My emotions and thoughts have ebbed and flowed between the extremes of anger, despair, lethargy and compassion, equanimity, hope. I’ve been holding up a mirror of clarity, taking an honest look at my ego-stories and their machinations; calling upon courage and vulnerability to heal, grow, and evolve in my mind and behavior.

Gratitude is an ongoing practice; a sacred ritual: in our conversations, at the dinner table, during bedtime, and in my journaling. Sometimes the intentional act of paying attention and giving thanks is the only moment of peace and joy in my day. It shifts my perspective from fear-fueled scarcity to awareness, humility, and gratitude for our privileges and blessings.

In addition to my beloved daughter and partner, our newly-adopted cat, and the ongoing support from our family and friends, this has kept me going:

Devouring books.

Creating music.

Writing poetry.

Sharing my story.

Honoring the magic and mystery of life through photography:

Half a year has passed and we don’t know how much longer we have to go – each day stretches laboriously, the months are blurred, and the beginning of this quarantine feels as far away as whenever it will end.

But I know that the way out is through… I will keep creating, keep giving thanks, and keep shining the light of love.

Morning Storm

Poetry

The treetops sway fitfully,
Roused from their stillness.
Dark smudges brushing against bloated clouds,
An impenetrable white dome leaking the quicksilver
That prickles the lake in ghostly shimmers.
The rumbling growl of thunder,
The electric whipcrack snap of lightning,
The steady rush of silversteel rainfall.
Shrouded trees; swollen sky,
Bruising the rippled water.
A lone white form slices through the relentless torrent,
Braving flight in the cutting downpour.
A flash of brightness illuminating the gloom,
Perched on a slick-black tree
Jutting out of the disturbed water –
Defiant.

Haunted

Poetry

In the corner of my eye,
A flash suggestion of form –
Crossover from another world.

Shadowplay beguiles,
Teasing substance from spirit.

A spectral border shimmers,
And the silken whispers of the veil
Promise blood, madness, dreams.

I know you:
Glassy pools that capture light,
Refracting like a precious jewel.

I know you:
Corporeal apparition,
Hazy in the dusky ether.

Haunted.

Breathless

Poetry

The sky becomes velvet,
Glowing in blue and silver.

Moonlight radiates,
Beaming;
Illuminating the night.

Meet me in the emerald forest –
Fly on the wind that rushes through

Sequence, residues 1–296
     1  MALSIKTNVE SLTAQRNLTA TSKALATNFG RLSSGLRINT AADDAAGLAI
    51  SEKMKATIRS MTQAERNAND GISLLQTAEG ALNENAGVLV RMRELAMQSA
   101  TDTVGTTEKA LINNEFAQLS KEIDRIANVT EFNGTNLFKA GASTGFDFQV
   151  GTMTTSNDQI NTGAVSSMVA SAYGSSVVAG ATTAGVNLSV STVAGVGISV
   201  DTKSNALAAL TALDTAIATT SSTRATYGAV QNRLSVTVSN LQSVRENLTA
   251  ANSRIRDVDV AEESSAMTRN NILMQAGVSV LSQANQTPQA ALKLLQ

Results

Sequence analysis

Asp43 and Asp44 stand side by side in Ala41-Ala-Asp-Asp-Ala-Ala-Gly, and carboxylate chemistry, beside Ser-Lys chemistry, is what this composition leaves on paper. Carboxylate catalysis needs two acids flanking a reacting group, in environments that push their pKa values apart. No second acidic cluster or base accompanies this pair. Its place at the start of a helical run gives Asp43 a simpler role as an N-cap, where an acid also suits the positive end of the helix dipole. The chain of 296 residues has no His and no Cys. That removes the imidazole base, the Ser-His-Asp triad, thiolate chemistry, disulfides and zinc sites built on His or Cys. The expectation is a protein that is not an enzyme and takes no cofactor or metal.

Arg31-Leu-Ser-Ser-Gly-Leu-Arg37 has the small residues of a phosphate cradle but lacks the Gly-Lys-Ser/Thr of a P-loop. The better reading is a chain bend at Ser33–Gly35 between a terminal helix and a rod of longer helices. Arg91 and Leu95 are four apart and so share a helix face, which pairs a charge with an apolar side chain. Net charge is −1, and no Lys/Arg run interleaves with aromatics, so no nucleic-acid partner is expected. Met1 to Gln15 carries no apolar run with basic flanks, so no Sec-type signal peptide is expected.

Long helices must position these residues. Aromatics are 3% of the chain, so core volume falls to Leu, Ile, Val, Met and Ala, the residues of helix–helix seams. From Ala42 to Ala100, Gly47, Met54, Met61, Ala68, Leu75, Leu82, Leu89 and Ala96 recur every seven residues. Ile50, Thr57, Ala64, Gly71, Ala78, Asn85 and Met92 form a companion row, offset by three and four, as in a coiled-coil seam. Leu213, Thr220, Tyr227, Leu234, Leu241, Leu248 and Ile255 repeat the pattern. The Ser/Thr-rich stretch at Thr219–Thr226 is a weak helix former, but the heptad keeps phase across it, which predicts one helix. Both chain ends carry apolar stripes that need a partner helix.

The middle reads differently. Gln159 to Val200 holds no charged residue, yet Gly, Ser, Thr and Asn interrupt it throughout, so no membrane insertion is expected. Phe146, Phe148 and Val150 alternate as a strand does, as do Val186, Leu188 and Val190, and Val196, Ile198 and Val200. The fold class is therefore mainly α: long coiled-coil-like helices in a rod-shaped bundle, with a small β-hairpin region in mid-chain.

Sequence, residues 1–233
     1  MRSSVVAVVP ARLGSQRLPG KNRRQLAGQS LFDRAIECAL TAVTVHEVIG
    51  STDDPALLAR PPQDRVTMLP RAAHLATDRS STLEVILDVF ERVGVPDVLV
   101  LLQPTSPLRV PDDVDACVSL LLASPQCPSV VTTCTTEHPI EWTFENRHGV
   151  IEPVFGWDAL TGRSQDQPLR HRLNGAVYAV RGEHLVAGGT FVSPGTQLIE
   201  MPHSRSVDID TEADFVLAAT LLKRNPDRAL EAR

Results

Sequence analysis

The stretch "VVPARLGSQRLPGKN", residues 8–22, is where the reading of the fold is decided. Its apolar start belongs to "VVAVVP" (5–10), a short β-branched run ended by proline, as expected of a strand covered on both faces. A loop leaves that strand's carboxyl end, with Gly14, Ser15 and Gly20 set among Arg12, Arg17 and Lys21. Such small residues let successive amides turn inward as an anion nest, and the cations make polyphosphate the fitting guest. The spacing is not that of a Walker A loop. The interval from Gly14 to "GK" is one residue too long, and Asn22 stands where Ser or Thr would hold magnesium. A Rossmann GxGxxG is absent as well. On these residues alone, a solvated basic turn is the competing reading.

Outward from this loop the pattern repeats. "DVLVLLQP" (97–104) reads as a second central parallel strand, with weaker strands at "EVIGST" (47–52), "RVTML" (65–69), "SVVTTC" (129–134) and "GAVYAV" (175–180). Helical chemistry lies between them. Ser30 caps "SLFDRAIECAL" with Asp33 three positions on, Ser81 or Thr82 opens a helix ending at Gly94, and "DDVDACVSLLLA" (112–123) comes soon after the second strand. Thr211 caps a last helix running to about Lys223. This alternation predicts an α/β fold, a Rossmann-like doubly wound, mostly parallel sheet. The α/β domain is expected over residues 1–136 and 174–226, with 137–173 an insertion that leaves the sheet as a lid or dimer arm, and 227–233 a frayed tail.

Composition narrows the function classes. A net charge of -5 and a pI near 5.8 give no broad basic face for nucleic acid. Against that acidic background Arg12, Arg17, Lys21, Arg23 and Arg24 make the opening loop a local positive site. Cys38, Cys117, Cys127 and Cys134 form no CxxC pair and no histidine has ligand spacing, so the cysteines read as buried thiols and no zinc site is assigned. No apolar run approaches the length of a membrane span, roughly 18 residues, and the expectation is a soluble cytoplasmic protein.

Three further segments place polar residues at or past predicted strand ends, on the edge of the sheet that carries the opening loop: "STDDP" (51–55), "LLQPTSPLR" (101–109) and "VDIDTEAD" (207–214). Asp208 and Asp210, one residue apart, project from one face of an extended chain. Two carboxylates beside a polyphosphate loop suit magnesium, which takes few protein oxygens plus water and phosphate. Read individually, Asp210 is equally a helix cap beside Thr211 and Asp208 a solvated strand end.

The tallest trees.

Your song alight and soaring,
You float inside of me.

Hushed now,
The breeze our only whisper.

Dappled in starlight,
We connect
Breathless.

Expectations

Memoir

When I was in my 20s, I loved hosting wild parties. One year I was throwing a Halloween bash and was hellbent on my whole crew coming in costume and staying through the night. However, one of the guys was using his particular brand of manipulation (a combination of cajoling and insisting) to try to get the group to accompany him to another event downtown. I felt angry and anxious – my plan was derailed, my party was compromised, and my vision for how the night was going to go was shattered. And of course I resented that jackass for ruining everything.

Looking back, I feel compassion for this past version of myself – the young woman who sought control in all the wrong ways, and would become so disillusioned and disappointed when her thoughts did not manifest as reality.

Fast-forward to my 30s, when I had a surprise party for my daughter’s third birthday. She was with my parents while I prepared the apartment – balloons in her favorite colors and cartoon characters in every corner, yummy snacks that I knew she would love, artfully arranged gifts, and a very special cake. I pictured how it would all unfold: my daughter would arrive, burst into our home, and be utterly delighted by all the birthday decorations. We’d laugh, sing, and take funny and sweet photographs. I felt so dazzled by this daydream… until it all came tumbling down.

My parents knocked on the door, holding my daughter – she was flushed and groggy from a nap. She was also cranky and could care less about the decorations and food. She did open some gifts and cut the cake, but the effervescence that I envisioned was flat-lined.

Afterwards, when she was playing in her room, all of the emotion inside of me erupted and I bent over the kitchen counter, sobbing. All of my hard work, for what? Then I was flooded by my lifelong storyline of grasping for control and investing in expectation. The end result was always the same: disappointment. It was all so clear to me in that moment. I remember laughing through my tears, thinking what on earth made me think that my fantasy of a compliant, joyful, picture-perfect three year old would ever come true, especially around naptime!

I shared these two anecdotes today with my daughter, who is now almost eight. She was tickled to hear that her party was the source of a significant lesson for me, and we both had a good laugh thinking about her usually-mellow-mom being a bit “dramatic.” At the heart of our conversation was the fact that we control one thing: our behavior.

We can practice opening our minds to whatever will unfold, and go with the flow of life with as much acceptance, kindness, and patience as we can muster. Because for as much as we plan, prepare, catastrophize, fantasize, stress, expect… there is no telling what we’re going to get. What is guaranteed is that the more we fixate or try to control, the more disappointment we’ll experience.

Outcomes, even positive ones, will never precisely mirror the scenarios we create in our minds. Expecting people or life in general to comply with our wishes and perfectly fulfill our desires and expectations is an exercise in foolishness and futility. And I can say from experiencing countless special events, vacations, interactions, and situations that didn’t go the way I wanted: reality will never synch up with our thoughts on how it should be.

Hell is created when we expect Heaven.